By: Brandon Nguyen
When observing my daily life, aspects that I would never think about have been impacted by globalization. An example is the clothes I put on everyday. I never stop to think about how it was made in Vietnam and what paths we have taken in order to connect with the country and create these business collaborations. An abundance of things I see surrounding me daily including foods, clothing, cars, and phones have some influence from foreign countries and it is something that has become so commonplace that me and many others don’t ever think about how impactful globalization has been for our economy.
Two generations ago, my entire family lived in Vietnam and now we reside in four different continents. They moved originally because of the changing geo-politics of the Vietnam War, but in the future because of new market opportunities in other countries. We now have a well-rounded family full of different races, backgrounds, and living situations. We all share experiences where other nationalities influence our daily lives whether it be by food, clothing, and electronics. Since the year 2000, international trade has surpassed 200 billion dollars and it is shown by the cultures my family has observed and implemented into their own lives.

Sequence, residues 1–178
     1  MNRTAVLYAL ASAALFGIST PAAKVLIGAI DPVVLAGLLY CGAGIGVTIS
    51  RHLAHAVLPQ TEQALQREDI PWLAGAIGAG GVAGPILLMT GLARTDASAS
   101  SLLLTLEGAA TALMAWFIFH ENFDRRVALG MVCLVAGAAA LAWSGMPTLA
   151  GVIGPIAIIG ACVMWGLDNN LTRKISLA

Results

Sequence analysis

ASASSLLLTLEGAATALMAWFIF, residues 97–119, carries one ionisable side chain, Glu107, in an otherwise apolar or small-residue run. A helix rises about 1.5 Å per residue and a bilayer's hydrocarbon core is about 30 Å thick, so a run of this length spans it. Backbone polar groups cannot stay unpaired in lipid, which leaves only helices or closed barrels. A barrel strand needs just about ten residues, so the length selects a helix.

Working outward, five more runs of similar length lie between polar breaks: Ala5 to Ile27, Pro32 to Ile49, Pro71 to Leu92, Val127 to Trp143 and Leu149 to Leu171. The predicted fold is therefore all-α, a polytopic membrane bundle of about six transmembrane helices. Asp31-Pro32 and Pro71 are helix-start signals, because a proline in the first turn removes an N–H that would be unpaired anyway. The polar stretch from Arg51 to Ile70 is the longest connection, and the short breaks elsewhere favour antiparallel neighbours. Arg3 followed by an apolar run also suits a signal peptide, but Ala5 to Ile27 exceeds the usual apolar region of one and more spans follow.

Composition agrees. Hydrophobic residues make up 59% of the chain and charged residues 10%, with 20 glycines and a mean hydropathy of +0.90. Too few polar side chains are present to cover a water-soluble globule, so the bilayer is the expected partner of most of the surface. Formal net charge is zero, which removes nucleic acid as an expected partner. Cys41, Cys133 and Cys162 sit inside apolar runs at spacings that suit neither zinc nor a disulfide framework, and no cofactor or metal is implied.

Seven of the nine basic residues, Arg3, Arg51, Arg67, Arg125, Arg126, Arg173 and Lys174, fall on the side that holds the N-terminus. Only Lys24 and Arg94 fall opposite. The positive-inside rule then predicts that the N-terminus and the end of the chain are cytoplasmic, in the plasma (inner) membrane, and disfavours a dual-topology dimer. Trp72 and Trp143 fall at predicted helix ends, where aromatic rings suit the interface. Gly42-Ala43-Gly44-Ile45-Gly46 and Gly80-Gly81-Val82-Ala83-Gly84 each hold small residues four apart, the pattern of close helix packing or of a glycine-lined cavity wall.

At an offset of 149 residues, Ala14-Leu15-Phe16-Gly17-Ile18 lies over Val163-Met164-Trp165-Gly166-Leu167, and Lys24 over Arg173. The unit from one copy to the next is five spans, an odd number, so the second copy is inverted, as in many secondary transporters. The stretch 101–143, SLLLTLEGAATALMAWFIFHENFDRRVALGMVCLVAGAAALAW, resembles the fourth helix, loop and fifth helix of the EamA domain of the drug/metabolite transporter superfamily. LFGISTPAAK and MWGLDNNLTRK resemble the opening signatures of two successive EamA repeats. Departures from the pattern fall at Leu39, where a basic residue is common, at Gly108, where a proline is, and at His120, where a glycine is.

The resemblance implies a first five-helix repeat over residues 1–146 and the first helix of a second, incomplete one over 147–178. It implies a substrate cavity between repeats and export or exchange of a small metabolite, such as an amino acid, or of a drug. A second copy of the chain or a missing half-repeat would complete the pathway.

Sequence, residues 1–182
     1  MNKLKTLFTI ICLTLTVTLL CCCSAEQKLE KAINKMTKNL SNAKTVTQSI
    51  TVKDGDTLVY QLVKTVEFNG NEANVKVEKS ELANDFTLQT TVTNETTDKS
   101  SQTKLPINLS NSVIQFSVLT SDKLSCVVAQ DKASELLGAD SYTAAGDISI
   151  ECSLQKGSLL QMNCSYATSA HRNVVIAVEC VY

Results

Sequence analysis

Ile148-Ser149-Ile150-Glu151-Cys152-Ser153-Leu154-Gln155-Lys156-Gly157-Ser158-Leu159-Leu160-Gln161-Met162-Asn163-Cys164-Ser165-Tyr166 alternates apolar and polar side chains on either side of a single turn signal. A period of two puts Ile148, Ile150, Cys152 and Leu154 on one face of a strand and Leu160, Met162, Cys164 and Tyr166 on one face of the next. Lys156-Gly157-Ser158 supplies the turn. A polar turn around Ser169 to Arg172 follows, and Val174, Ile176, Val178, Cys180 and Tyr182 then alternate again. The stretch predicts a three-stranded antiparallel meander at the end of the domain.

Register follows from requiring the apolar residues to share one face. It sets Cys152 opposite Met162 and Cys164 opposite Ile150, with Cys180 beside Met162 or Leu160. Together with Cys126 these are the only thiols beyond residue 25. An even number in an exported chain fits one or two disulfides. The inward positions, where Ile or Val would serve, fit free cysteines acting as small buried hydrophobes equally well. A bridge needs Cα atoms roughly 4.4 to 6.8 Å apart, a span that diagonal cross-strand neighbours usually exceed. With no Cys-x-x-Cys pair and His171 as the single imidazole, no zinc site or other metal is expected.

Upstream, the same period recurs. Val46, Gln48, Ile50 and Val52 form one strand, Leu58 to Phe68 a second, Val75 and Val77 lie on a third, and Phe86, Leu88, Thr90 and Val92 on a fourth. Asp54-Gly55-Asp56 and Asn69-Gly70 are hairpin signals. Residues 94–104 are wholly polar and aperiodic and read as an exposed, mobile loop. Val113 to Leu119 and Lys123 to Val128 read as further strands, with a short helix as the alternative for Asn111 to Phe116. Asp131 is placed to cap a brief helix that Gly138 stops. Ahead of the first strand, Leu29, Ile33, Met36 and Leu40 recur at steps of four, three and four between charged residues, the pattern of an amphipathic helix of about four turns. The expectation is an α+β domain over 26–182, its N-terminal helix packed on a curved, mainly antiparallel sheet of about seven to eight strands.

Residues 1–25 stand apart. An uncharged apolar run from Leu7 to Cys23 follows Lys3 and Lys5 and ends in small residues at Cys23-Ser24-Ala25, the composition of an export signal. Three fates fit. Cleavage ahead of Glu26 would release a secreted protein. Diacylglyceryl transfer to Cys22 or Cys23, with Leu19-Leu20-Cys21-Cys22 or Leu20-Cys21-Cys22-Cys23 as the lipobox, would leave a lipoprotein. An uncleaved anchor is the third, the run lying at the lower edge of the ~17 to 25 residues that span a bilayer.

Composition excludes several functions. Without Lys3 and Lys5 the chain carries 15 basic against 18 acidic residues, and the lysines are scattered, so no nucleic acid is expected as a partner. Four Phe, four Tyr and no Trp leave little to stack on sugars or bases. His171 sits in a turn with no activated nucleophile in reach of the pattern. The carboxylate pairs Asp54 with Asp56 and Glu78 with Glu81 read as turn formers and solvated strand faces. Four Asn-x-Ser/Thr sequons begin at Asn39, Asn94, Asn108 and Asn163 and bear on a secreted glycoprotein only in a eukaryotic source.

Globalization has not only been good for the US, but the world. Numerous continents including the US all hold major shares of the world GDP, which happens to be growing exponentially at a faster rate than our population. Likewise, Han Rosling’s statistical data exemplifies how globalization has caused almost all countries to have growth in both income and lifespan, placing them in or closer to the rich and healthy region of the graph. Globalization has impacted everyone in various ways whether they see it or not, and it has benefitted countries including the US, globally.
Chidamber, Shyam R. “International Innovation and Entrepreneurship: First Class.” Opening Summer Lecture. 8 Jul. 2019. Lecture.
Rosling, Hans. “Hans Rosling’s 200 Countries, 200 Years, 4 Minutes – The Joy of Stats – BBC Four.” YouTube, YouTube, 26 Nov. 2010, www.youtube.com/watch?v=jbkSRLYSojo&list=PLTWEPUBC6ESt-l6VHfp1EwPFBqz8mzcWP.